Listening Full Test 4 - Section 4





Good morning, everyone. I’ve been invited to talk about my research project into Australian Aboriginal rock walls for many thousands of  years. Throughout the long history of  this tradition, new images have appeared db and new painting styles have developed. And these characteristics can be used to categorise the different artistic styles. Among these are what we call the Dynamic, Yam and Modern styles of painting.

One of the most significant characteristics of the different styles is the way that humans are depicted in the paintings. The more recent paintings show people in static poses. But the first human images to dominate rock art painting, over 8,000 years ago, were fill of movement. These paintings showed people hunting and cooking food and so they were given the name ‘Dynamic’ to reflect this energy. It’s  quite amazing considering they were painted in such a simple stick-like form. In the Yam period, there was a movement away from the stick figures to a more naturalistic shape. However, they didn’t go as far as the Modern style, which is known as ‘X-ray’  because it actually makes a features of the internal skeleton (Q31) as well as the organs of animals and  humans. The Yam style of painting got its name from the fact that it featured much curvier figures (Q32) that actually resemble the vegetable called a yam, which is similar to a sweet potato. The Modern paintings are interesting because they include paintings at the time of the first contact with European settlers. Aborigines managed to convey the idea of the settlers’ clothing by simply painting the Europeans without any hands (Q33), indicating the habit of standing with their hands in their pockets!  Size is another characteristics. The more recent images tend to be life size or even larger, but the Dynamic figures are painted in miniature (Q34).

Aboriginal rock art also records the environmental changes that occurred over thousands of years. For example, we know from the Dynamic paintings that over 8,000 years ago, Aborigines would have rarely eaten fish and sea levels were much lower at this time. In fact, fish didn’t start to appear in paintings until the Yam period along with shells and other marine images (Q35)The paintings of the Yam tradition also suggest that, during this time, the Aborigines moved away from animals as their main food source and began including vegetables in their diet, as these feature prominently (Q36). Freshwater creatures didn’t appear in the paintings until the Modern period from 4,000 years ago.

So, these paintings have already taught us a lot. But one image that has always intrigued us is known as the ‘Rainbow Serpent’. The Rainbow Serpent, which is the focus of my most recent project, gets its name from its snake or serpent-like body and it first appeared in the Yam period 4 to 6,000 years ago. Many believe is it a curious mixture of  kangaroo, snake and crocodile. But we decided to study the Rainbow Serpentpainting to see  if the we could locate the animal(Q37) that the very first painters based their image on.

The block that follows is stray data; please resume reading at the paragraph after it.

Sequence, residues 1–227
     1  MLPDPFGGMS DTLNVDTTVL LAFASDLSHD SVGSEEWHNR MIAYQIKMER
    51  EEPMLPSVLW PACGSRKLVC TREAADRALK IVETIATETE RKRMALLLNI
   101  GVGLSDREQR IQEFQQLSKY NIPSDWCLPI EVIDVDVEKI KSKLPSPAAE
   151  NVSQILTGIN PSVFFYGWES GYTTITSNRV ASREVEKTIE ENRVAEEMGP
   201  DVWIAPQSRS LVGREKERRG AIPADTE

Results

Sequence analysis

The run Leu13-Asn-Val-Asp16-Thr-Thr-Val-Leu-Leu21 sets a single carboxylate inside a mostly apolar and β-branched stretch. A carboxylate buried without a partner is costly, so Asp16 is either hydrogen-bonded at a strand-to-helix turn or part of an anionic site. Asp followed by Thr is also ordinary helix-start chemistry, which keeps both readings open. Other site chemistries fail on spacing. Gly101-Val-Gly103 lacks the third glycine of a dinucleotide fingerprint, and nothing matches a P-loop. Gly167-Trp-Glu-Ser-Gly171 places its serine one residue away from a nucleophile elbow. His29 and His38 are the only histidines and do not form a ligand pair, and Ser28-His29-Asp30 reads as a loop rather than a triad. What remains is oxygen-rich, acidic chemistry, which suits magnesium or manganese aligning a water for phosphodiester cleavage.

The Yam period coincided with the end of the last ice age. This brought about tremendous change in the environment, with the sea levels rising(Q38) and creeping steadily inland. This flooded many familiar land features and also caused a great deal of  disruption to traditional patterns of  life, hunting(Q39) in particular. New shores were formed and totally different creatures would have washed up onto the shores. We studied 107 painting of the Rainbow Serpent and found that the one creature that matches it most closely was the Rainbow Pipefish, which is type of sea horse. This sea creature would have been a totally unfamiliar sight in the inland regions where the image is found and may have been the inspiration behind the early paintings.

So, at the end of the ice age there would have been enormous changes in animal and plant life. It’s not surprising then, that the Aborigines linked this abundance to the new creatures they witnessed. Even today, Aborigines see the Rainbow Serpent as a symbol of creation(Q40), which is understandable given the increase in vegetation and the new life forms that featured when the image first appeared.

 

Questions 31-36

Australian Aboriginal Rock Paintings Which painting styles have the following features?

Write the correct letter A, B or C, next to questions 31-36.

Painting Styles

A.   Dynamic

B.   Yam

C.   Modern

 

Features

31. figures revealing bones………………………..

32. rounded figures………………………..

33. figures with parts missing………………………..

34. figures smaller than life size………………………..

35. sea creatures………………………..

36. plants………………………..

Questions 37-40

Complete the notes below. Write NO MORE THAN TWO WORDS for each answer.

Rainbow Serpents Project

Aim of project: to identify the 37………………………..    used as

 the basics for the Rainbow Serpent

Yam Period

Ÿenvironment changes led to higher 38 ………………………..

Ÿtraditional activities were affected, especially 39 ………………………..

Rainbow Serpent image

Ÿ  similar to a sea horse

Ÿ  unusual because it appeared in inland areas

Ÿ  symbolizes 40 ………………………..    in Aboriginal culture

 

Answer

31: C
32: B
33: C
34: A
35: B
36: B
37:  animal/creature
38: sea/water level(s)
39: hunting
40: creation

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